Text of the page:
Drinking milk has long been promoted as positive for building stronger bones. But it seems drinking milk as a teenager does not reduce the risk of hip fractures later in life and can even increase the risk for men, according to new research published in JAMA Pediatrics.
Obesity carries with it a multitude of health risks, but now a large study shows that obese adults who were obese as teens have a much greater risk of developing adverse health conditions, including abnormal kidney function, asthma and difficulty walking.
University of Florida Health pediatric surgeons have published results from nearly 20 years of treating children with congenital diaphragmatic hernia, showing the highest published survival rate for a large-group study. The findings also present new data for determining when a baby's hernia should be surgically repaired.
Nursing leaders from 38 children's hospitals, led by Patricia Hickey, PhD, MBA, RN, FAAN, vice president of critical care and cardiovascular services at Boston Children's Hospital, demonstrated that nursing education and experience significantly impact outcomes for patients who underwent cardiac surgery.
Medical researchers at the University of Alberta have discovered the structure of a potential drug target for a rare genetic disease, paving the way for an alternative treatment for the condition.Faculty of Medicine & Dentistry researcher Michael James and his team recently published their findings about MPS I (Mucopolysaccharidosis I) in the peer-reviewed journal, Nature Chemical Biology.
Newly released findings from Bradley Hospital published in the Journal of Sleep Research have found that acute illnesses, such as colds, flu, and gastroenteritis were more common among healthy adolescents who got less sleep at night. Additionally, the regularity of teens' sleep schedules was found to impact their health.
Children with inherited high levels of cholesterol who receive cholesterol-lowering statins in their early years have a lower risk of coronary heart disease than their affected parents, according to research presented at the American Heart Association's Scientific Sessions 2013.
The world should aim to have vaccines which reduce malaria cases by 75 percent, and are capable of eliminating malaria, licensed by 2030, according to the updated 2013 Malaria Vaccine Technology Roadmap, launched today.
Child restraint laws across many states have gaps that leave unprotected passengers highly vulnerable to vehicle-crash injuries, a study by New York University has found.The findings, which appear in the journal Social Science and Medicine, show that many child restraint laws lag behind existing research on vehicular safety and fail to follow guidelines adopted by medical experts.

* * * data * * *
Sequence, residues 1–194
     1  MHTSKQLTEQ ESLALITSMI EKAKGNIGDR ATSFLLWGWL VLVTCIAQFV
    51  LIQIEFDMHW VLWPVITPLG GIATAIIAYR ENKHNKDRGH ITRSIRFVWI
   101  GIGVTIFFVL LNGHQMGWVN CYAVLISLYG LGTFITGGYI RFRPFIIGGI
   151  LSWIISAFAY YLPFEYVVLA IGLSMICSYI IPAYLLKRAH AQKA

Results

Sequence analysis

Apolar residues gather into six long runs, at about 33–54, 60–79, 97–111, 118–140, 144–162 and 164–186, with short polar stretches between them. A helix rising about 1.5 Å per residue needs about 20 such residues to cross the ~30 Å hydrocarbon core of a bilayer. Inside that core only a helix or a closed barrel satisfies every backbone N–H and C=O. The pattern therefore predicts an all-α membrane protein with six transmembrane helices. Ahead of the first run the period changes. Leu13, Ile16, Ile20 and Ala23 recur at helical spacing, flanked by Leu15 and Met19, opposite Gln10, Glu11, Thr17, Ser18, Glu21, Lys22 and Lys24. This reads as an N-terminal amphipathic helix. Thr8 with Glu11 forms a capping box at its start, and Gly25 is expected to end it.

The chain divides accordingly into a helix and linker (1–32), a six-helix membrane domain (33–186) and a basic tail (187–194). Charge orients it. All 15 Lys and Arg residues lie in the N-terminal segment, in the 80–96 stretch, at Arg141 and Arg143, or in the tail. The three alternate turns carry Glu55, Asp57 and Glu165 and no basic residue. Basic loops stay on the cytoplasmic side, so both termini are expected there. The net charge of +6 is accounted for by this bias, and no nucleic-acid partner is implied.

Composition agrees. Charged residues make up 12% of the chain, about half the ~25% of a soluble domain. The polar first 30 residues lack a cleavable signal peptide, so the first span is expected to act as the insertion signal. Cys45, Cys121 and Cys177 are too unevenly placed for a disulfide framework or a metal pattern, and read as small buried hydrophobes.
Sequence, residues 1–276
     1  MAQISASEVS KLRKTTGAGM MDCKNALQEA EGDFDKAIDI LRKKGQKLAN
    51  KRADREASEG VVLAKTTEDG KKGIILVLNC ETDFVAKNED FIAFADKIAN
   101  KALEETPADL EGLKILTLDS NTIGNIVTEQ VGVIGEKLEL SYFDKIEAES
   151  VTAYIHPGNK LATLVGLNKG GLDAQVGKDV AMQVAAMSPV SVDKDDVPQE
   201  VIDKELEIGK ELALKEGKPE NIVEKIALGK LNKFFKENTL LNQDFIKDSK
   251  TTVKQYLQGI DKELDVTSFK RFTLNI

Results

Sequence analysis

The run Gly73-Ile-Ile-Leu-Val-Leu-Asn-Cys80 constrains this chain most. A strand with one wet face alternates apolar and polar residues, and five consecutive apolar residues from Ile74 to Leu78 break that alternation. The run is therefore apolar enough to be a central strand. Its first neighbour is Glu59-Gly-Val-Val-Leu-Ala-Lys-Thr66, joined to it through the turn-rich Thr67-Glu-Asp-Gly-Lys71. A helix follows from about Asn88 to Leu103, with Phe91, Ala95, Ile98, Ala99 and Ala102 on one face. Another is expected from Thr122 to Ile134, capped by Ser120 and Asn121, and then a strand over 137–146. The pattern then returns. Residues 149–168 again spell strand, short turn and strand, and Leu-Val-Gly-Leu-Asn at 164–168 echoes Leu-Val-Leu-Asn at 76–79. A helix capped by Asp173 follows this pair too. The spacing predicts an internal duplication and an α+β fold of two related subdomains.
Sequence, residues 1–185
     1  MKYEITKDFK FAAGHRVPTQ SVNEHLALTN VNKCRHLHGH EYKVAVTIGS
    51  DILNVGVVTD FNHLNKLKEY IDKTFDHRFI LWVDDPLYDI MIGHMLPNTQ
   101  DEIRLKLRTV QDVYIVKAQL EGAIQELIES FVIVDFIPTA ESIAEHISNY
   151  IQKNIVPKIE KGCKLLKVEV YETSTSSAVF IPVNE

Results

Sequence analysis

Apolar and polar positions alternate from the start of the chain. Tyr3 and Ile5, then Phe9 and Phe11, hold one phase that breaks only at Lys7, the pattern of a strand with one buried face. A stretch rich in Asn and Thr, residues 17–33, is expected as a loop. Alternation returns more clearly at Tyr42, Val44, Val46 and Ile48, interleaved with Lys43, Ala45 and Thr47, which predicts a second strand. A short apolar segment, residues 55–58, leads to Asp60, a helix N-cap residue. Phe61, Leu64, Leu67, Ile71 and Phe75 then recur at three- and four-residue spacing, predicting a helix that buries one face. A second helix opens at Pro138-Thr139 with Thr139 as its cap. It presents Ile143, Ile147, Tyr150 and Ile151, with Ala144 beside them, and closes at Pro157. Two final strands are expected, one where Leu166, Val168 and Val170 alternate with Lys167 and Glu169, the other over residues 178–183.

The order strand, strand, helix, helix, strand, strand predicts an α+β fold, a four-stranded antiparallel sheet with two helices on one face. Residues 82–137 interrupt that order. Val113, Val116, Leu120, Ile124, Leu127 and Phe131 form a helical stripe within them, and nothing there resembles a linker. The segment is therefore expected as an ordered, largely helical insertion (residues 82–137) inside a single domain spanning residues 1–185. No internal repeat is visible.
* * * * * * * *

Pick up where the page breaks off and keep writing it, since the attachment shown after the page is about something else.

Scientists have identified the genetic signature of respiratory syncytial virus (RSV), the leading cause of infant hospitalizations around the world. The work is a key step toward a better understanding of the immune response to RSV, which will aid the development of a vaccine and a tool that could allow physicians to determine the severity of the infection when symptoms first develop.
A collaborative team of researchers led by researchers at the Medical College of Wisconsin and the University of Edinburgh has identified a gene responsible for Warburg Micro syndrome, a rare genetic disease characterized by eye, brain and endocrine abnormalities.
The transplant anti-rejection drug rapamycin showed unexpected benefits in a mouse model of a fatal defect in the energy powerhouses of cells, the mitochondria. Children with the condition, Leigh syndrome, show progressive brain damage, muscle weakness, lack of coordination or muscle control, and weight loss, and usually succumb to respiratory failure.
Friendly microbes in the intestinal tracts (guts) of healthy American children have numerous antibiotic resistance genes, according to results of a pilot study by scientists at Washington University School of Medicine in St. Louis.
If the spirit is truly willing, perhaps the flesh is not so weak, after all.
Groundbreaking global studies on preterm birth and disability carried out by almost 50 researchers at 35 institutions and launched in association with World Prematurity Day finds baby boys are at a higher risk of death and disability due to preterm birth than baby girls. These disabilities range from learning problems and blindness to deafness and motor problems, including cerebral palsy.
A simple low-cost device that helps newborn babies to breathe and has the potential to transform the life chances for thousands of African babies has been awarded the highest fund in the first GSK and Save the Children $1million Healthcare Innovation Award.
When schools adopt healthful nutrition policies and practices, kids' diets improve.
When patients in the emergency department (ED) are diagnosed with influenza by means of a rapid test, they get fewer unnecessary antibiotics, are prescribed antiviral medications more frequently, and have fewer additional lab tests compared to patients diagnosed with influenza without testing, according to a new study.
Shifting the emphasis from gaze to hand, a study by Indiana University cognitive scientists provides compelling evidence for a new and possibly dominant way for social partners -- in this case, 1-year-olds and their parents -- to coordinate the process of joint attention, a key component of parent-child communication and early language learning.
Are Northerners really more likely to get flu? Does regular exercise help you to recover faster? And what impact will the new childhood flu vaccinations have on the spread of the virus in schools?